Evan Fournier’s ability to run off screens can give the New York Knicks a different dynamic on offense in 2021-22.
When the New York Knicks signed Evan Fournier, the critics asked why? Why pay more for a guy who was going to be filling the same role as Reggie Bullock? Not so fast — Fournier can be a massive upgrade for the Knicks if they use him correctly.
To be clear, the Knicks needed to make tweaks to this roster. Despite finishing fourth in the Eastern Conference, offense was a struggle for the orange and blue. They ranked 22nd in offensive rating (110.2) and their limitations were on full display during a first-round beatdown in the playoffs.
Sure, the defense was the reason for New York’s success and Bullock was a big part of that, but Fournier is not the defensive downgrade people think he is. What Fournier brings to the table on offense will outweigh any defensive downgrade.
Let’s take a closer look at the 2020-21 Knicks’ offense and how Fournier can help fill any holes.
Knicks 2020-21 Offense by Playtype
The Knicks ranked above the 70th percentile in just one playtype category last season according to NBA.com — miscellaneous.
New York’s most consistent form of offense came from spot-up shooting. Bullock, Julius Randle, and RJ Barrett shined as spot-up shooters last year, but they found most of their success on stationary catch-and-shoot opportunities.
The Knicks were still lacking a shooter who could be dangerous off of screens. Enter Evan Fournier.
Evan Fournier 2020-21 Off Screens & Spot Ups
|Off Screen (ORL)||17.00%||0.99||52.9|
|Off Screen (BOS)||10.20%||1.3||89.4|
|Bullock Off Screen||10.00%||0.98||52.4|
|Spot Up (ORL)||15.70%||1.08||65.5|
|Spot Up (BOS)||28.40%||1.38||98|
|Bullock Spot Up||40.50%||1.14||77.4|
Fournier’s offensive efficiency by playtype is broken down into two sections — Off Screen and Spot Up. Although he played more games for the Magic last season, his numbers with the Celtics are closer to how he will be used in New York. We included Bullock’s numbers as a reference point as well.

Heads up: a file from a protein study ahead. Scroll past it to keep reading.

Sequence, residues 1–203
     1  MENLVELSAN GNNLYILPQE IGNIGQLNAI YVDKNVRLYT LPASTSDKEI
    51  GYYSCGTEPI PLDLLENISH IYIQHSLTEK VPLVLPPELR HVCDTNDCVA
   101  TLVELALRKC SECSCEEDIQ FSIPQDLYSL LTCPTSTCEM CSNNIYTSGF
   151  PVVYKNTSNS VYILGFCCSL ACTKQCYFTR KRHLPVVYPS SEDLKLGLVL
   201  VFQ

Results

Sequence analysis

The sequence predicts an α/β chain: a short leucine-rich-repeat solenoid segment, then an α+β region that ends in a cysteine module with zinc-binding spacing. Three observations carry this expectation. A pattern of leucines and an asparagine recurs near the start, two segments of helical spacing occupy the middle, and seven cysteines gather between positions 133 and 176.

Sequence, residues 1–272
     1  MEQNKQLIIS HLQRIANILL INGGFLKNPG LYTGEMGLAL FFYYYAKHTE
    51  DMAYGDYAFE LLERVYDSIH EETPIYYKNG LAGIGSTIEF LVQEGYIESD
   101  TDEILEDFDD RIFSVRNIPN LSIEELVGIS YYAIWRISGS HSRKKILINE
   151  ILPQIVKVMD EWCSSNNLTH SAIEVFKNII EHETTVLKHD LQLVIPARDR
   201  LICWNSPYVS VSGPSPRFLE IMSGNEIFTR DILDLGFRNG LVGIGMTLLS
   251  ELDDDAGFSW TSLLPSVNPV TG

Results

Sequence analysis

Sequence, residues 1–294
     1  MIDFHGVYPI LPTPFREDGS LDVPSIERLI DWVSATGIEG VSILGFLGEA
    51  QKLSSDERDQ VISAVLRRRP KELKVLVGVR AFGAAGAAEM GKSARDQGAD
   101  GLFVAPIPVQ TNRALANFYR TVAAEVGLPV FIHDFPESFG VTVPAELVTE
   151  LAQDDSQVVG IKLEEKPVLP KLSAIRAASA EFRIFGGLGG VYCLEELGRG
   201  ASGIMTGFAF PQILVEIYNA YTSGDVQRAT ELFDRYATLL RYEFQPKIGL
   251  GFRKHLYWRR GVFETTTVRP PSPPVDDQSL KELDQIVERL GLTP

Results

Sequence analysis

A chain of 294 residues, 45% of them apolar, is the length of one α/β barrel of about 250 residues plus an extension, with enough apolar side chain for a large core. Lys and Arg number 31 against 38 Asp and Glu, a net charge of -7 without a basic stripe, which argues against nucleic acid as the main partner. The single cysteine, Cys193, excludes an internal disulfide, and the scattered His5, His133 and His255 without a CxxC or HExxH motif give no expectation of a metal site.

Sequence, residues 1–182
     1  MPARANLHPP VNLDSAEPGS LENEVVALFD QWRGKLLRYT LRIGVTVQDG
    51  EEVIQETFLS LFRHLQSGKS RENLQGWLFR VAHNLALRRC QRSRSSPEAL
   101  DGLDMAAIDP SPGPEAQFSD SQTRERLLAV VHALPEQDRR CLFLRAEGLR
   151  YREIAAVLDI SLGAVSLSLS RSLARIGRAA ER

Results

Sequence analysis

The Frenchman was one of the most efficient guys off of screens during his 16-game stint with the Celtics. Although Bullock was effective as a spot-up shooter, he was decidedly average off of screens.
But why is spot-up shooting less important than off-screen shooting? It’s all about gravity. Good spot-up shooters will keep defenders from sagging too far into help-side defense, but they are typically more stationary.
Shooters who can run off staggered screens and floppy sets do more than just attract attention. Defenders need to stay attached to guys who can knock down shots on the move. Think of guys like Joe Harris and Duncan Robinson, who are constantly being chased on the perimeter.
The ultimate example of this type of gravity is Steph Curry. Think of how often we see Draymond Green throw a no-look pass to a wide-open guy underneath the hoop because two defenders show at Curry off of the screen.
Now, let’s be clear, Fournier is not as deadly from beyond the arc as Harris and Robinson, let alone Curry, but he can be a unique threat for the Knicks.
And unlike Bullock, if Fournier catches off of a screen with no room to shoot, he is more than comfortable at handling the rock. Catches off of screens can easily flow into pick-and-rolls and isolations for Fournier.
There are plenty of folks who scratched their heads when the Knicks handed Fournier a four-year, $73 million deal this offseason. However, his unique offensive abilities are going to help unlock Randle, Barrett, and the rest of the Knicks.
And if you are still worried about the defensive dropoff from Bullock to Fournier, ask yourself this? Was Bullock considered a lockdown defender before he played for Tom Thibodeau? No.
There’s a strong chance that the Thibs touch helps bring out the most in Fournier on the defensive end as well.